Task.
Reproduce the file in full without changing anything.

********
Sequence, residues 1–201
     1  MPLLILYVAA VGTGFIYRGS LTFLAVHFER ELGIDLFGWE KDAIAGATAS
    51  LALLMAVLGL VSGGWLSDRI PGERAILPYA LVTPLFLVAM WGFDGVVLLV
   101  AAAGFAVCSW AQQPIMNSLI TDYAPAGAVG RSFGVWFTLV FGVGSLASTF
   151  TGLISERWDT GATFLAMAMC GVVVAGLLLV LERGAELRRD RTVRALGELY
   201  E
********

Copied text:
Sequence, residues 1–201
     1  MPLLILYVAA VGTGFIYRGS LTFLAVHFER ELGIDLFGWE KDAIAGATAS
    51  LALLMAVLGL VSGGWLSDRI PGERAILPYA LVTPLFLVAM WGFDGVVLLV
   101  AAAGFAVCSW AQQPIMNSLI TDYAPAGAVG RSFGVWFTLV FGVGSLASTF
   151  TGLISERWDT GATFLAMAMC GVVVAGLLLV LERGAELRRD RTVRALGELY
   201  E